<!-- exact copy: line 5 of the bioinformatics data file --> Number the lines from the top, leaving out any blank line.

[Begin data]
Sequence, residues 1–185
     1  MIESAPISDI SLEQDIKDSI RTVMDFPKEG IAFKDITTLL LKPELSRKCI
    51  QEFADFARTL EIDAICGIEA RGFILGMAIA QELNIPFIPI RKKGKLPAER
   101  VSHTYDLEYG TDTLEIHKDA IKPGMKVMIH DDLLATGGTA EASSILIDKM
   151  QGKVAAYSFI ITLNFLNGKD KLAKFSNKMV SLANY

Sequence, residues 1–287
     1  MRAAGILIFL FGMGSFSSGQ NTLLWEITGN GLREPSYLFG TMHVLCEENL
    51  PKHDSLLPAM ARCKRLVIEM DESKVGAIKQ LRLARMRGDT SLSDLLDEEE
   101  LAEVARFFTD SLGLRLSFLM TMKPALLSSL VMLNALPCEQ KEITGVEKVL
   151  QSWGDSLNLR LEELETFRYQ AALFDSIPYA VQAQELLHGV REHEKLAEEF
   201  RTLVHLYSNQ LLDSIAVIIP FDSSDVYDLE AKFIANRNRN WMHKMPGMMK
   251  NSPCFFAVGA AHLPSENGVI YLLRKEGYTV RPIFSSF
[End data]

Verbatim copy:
   151  QGKVAAYSFI ITLNFLNGKD KLAKFSNKMV SLANY